A Morocco traveller’s tale
Posted by Samantha Kirton / in Africa, Blog, frontpage /
It might not be obvious what links The White House, Jimi Hendrix and Barb horses…but they are intimately involved. Fresh back from a horse riding adventure in Morocco, Mark shares his latest tale.
In 1792 Hoban was appointed by George Washington to design the White House – not bad for a modest Irish immigrant! Meanwhile, on the other side of the Atlantic Mulay Suleiman was consolidating his Sultanship of Morocco, putting an end to piracy along the Barbary coast, cutting ties with Europe (sponsors of the piracy?) and strengthening ties with the USA.
Sultan Suleiman was so impressed with the White House that he commissioned Hoban to build a palace for himself, to consolidate his presence on the Barbary coast. Sadly, it’s now a sand-dune-shrouded ruin sitting next door to a hidden-away stable block that is home to the best Barb horses I’ve ever ridden. They take their name from the “Barbary coast”; they are Ferraris: responsive, powerful and well-mannered.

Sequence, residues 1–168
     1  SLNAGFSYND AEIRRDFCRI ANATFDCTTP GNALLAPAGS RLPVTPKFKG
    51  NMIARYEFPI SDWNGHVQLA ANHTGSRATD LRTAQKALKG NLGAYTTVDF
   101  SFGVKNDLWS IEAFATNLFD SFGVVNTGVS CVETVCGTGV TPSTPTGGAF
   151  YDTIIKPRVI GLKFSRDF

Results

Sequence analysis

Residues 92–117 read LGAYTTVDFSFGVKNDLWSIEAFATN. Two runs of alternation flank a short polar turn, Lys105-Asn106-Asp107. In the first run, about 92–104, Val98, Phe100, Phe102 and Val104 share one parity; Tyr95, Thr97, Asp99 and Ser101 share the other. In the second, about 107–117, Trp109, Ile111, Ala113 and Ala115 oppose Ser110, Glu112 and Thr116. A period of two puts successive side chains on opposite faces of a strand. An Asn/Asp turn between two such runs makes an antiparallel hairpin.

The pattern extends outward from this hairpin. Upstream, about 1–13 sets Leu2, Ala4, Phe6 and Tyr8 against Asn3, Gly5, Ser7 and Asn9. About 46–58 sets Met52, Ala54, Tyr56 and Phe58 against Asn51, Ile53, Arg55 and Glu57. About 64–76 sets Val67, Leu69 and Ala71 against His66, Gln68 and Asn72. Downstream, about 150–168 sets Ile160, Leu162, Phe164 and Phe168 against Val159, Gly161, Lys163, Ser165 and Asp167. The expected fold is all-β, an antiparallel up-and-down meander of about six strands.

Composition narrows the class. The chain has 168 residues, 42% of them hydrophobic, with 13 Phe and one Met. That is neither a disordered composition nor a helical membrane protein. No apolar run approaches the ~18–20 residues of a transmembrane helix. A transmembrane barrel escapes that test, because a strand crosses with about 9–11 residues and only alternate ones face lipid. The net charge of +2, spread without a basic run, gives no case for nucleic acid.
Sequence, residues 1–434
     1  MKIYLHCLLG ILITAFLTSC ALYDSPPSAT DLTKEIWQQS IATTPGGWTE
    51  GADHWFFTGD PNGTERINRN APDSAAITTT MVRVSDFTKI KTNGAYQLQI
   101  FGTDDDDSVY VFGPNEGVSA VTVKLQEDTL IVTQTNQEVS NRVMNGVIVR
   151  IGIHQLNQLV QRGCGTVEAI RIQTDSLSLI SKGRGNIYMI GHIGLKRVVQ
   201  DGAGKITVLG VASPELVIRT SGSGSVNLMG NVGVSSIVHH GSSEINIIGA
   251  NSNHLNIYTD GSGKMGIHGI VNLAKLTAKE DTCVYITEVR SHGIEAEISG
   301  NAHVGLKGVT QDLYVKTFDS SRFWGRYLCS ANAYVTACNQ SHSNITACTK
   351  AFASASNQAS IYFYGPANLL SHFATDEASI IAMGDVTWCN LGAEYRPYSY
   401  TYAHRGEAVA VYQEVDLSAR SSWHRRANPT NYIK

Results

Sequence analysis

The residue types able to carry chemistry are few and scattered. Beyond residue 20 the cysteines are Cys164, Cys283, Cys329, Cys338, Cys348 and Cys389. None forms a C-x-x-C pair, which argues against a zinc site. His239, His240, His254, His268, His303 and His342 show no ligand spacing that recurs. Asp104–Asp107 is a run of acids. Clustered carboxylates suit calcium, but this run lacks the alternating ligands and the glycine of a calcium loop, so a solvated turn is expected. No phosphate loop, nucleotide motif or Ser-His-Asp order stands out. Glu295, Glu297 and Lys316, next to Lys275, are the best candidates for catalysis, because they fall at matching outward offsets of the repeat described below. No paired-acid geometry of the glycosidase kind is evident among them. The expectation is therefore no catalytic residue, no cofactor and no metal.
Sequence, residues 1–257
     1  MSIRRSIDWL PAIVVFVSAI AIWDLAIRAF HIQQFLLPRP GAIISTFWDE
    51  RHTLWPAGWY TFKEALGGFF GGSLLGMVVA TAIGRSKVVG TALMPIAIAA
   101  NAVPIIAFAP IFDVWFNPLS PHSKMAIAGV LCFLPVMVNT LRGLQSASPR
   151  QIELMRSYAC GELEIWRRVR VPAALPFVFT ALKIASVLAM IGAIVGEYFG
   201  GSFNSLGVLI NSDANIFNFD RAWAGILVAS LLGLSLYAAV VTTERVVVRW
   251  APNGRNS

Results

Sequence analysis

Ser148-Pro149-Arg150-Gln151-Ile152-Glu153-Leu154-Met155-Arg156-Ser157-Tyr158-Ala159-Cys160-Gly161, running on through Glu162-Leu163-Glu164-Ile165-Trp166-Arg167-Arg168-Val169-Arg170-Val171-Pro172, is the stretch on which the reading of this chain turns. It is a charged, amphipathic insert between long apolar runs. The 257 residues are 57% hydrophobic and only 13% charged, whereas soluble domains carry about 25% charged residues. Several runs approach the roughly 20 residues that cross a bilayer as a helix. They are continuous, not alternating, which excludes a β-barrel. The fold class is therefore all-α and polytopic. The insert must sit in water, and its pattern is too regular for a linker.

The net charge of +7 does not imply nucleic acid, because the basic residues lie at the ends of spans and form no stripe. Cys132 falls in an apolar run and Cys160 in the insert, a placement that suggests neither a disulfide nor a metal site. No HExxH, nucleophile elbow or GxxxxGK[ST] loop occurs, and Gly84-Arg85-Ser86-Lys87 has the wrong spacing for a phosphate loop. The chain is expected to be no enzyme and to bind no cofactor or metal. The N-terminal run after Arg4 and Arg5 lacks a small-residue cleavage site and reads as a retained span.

Jimi Hendrix loved horses; he was also intrigued by this mysterious “white house” in Morocco. So in the 1960s he made the trip to Essaouira on Morocco’s coast and gave his name to the hotel which stands next to the stables, which stands next to the sultan’s ruined palace, known to map-makers and locals alike as “Dar Sultan”.
And the twist in the tail?
“Soltane” in Arabic means “white” and has nothing to do with Sultan (a ruler). “Dar” means house or harbour. Hoban’s palace in Morocco was called Dar Soltane, “The White House”.
This is the joy of travel, generally, and Morocco specifically: every twist and turn, every souk and medina, has a tale to tell.